FIG. 1 shows an embodiment of an arterial expansion chamber according to the invention;
FIG. 2 is a section A-A taken through the arterial expansion chamber according to FIG. 1; and
DETAILED DESCRIPTION OF THE INVENTION
FIG. 3 shows an embodiment of a venous expansion chamber according to the invention.
The arterial expansion chamber has a cylindrical form with an oval cross-section, wherein an annular insert 1 is inserted into the arterial expansion chamber. This annular insert is provided at the top and at the bottom with concavely rounded areas 2, which terminate in a central channel 3 shaped in the manner of a riser tube.
The channel 3 in the form of a riser tube connects a lower region 4 of the expansion chamber, which is filled with blood, to an upper region 6, which is filled with air. A venting channel 6 which is provided with a venting valve 7 and is closable at its upper side by means of a removable cap 8 extends from the upper region 5.
A blood inlet nozzle 9 which projects into the lower region 4 and through which blood enters into the arterial expansion chamber (the blood will flow off again through a blood outlet channel 10) passes through the bottom of the expansion chamber. The blood outlet channel 10 does not project into the interior of the lower region 4. During the filling process blood flows into the expansion chamber through the longer supply nozzle 9 provided with a bevel, and the blood level 11 is set within the expansion chamber, by opening the venting valve 7 (after cap 8 has been removed), in such a manner that it is located approximately around the middle height of the riser tube 3. The riser tube 3 is of such a length that the blood level 11 will always remain in the area of the riser tube 3 during its pulsating upward and downward movement. This has the consequence that the contact area between blood and air, which prevails in the upper region 5 of the expansion chamber, is minimized.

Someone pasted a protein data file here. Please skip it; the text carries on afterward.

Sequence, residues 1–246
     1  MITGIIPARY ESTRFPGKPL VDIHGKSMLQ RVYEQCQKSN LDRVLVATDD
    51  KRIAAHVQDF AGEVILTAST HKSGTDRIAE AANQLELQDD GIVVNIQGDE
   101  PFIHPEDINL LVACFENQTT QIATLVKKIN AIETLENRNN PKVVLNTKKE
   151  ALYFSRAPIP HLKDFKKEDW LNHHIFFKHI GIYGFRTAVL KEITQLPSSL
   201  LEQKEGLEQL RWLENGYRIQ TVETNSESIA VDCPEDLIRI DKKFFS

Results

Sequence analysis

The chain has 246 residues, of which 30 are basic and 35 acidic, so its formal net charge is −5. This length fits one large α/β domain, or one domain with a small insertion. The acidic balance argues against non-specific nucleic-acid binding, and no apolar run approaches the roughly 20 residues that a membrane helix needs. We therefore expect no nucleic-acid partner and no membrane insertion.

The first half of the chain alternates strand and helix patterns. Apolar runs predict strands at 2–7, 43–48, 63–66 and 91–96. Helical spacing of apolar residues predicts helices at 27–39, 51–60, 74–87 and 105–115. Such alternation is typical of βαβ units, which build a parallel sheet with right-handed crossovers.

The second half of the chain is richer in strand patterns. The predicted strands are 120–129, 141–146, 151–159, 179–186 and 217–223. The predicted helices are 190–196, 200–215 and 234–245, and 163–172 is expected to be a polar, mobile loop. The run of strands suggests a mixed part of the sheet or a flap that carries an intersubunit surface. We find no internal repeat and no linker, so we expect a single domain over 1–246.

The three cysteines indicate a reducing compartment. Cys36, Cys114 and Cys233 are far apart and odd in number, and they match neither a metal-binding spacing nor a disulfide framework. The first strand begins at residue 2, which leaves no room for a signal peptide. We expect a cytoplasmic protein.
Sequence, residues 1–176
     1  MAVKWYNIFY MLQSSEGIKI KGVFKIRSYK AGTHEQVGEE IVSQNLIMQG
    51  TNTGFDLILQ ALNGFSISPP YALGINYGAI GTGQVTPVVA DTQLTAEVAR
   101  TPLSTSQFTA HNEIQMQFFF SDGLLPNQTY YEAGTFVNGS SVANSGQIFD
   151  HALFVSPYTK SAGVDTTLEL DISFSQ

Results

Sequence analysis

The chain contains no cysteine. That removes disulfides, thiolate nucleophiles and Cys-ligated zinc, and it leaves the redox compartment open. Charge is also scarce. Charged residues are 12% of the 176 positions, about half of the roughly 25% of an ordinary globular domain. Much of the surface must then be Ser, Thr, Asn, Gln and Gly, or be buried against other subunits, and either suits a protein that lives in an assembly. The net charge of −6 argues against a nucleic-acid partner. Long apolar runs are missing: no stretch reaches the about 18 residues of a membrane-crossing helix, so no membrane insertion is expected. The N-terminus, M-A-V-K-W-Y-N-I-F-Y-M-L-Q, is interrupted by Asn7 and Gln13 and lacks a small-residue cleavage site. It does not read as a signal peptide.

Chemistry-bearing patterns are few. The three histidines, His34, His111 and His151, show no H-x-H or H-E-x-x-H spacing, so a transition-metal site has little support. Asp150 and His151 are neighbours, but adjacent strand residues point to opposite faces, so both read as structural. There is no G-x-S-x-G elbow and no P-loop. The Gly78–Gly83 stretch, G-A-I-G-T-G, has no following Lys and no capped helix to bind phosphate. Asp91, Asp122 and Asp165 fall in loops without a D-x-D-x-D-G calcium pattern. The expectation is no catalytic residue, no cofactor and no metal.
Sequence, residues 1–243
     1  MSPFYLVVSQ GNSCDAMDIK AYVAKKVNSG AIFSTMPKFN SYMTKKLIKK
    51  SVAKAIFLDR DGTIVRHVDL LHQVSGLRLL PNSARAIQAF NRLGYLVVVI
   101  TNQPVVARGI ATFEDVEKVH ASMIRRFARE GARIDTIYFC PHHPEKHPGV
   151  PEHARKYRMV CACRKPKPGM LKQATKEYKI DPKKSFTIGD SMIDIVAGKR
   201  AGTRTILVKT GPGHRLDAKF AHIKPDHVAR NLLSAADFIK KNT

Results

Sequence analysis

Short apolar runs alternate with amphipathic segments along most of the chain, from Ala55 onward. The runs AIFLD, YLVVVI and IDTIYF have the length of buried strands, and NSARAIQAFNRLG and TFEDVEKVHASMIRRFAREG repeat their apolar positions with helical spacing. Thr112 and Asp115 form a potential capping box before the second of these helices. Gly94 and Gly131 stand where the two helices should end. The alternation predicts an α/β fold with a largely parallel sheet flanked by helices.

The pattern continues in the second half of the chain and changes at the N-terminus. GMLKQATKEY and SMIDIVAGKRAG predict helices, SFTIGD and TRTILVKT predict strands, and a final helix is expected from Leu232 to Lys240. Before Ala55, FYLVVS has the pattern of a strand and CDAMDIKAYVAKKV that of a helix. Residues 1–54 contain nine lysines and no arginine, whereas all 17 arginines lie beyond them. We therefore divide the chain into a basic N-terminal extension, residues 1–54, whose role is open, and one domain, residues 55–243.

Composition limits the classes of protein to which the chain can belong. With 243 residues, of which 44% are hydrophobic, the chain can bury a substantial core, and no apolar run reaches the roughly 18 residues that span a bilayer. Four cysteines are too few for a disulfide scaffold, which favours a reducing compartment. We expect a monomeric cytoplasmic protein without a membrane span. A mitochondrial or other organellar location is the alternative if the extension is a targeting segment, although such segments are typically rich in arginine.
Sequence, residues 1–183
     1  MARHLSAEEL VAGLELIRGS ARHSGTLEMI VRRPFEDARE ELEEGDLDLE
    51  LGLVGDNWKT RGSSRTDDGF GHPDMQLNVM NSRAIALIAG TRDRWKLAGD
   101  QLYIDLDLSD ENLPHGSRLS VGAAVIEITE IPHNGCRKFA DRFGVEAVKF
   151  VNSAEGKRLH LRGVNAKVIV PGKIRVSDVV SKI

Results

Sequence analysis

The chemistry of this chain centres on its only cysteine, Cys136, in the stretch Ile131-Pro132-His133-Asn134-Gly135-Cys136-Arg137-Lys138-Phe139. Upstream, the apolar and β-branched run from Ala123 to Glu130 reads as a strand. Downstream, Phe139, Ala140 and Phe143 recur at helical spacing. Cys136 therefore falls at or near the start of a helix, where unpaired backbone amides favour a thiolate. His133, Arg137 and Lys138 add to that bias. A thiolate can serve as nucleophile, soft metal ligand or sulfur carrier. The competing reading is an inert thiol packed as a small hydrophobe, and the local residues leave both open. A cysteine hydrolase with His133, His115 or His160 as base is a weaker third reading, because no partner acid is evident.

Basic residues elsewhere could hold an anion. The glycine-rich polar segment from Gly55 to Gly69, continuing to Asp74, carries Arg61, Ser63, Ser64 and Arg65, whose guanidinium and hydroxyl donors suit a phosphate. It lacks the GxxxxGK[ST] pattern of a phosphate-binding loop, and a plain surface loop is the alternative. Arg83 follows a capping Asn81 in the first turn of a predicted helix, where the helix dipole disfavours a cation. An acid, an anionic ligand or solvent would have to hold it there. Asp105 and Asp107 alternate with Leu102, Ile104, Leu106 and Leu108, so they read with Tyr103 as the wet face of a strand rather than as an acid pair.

A filling handle 12 which facilitates the filling process and makes it possible to insert the expansion chamber in a defined position into a holder (not shown in the drawing) is attached to the side of the expansion chamber.
FIG. 2 shows a venous expansion chamber which contains an upper cylindrical chamber 13 of a volume reduced in comparison with conventional venous expansion chambers, and a lower chamber funnel 14. The venous expansion chamber is completely filled with blood by means of a blood inlet channel 15, the blood pressure being here measurable by way of an upper pressure measuring line 16.
Moreover, an infusion access 17 passes through the upper wall of the venous expansion chamber.
A blood outlet channel 18 extends from the bottom of the chamber funnel 14, said blood outlet channel 18 being in alignment with the blood inlet channel 15.
The thrombosing sieve that has so far been used can be omitted in the chamber funnel 14, whereby the amount of heparin needed during dialysis treatment can be reduced.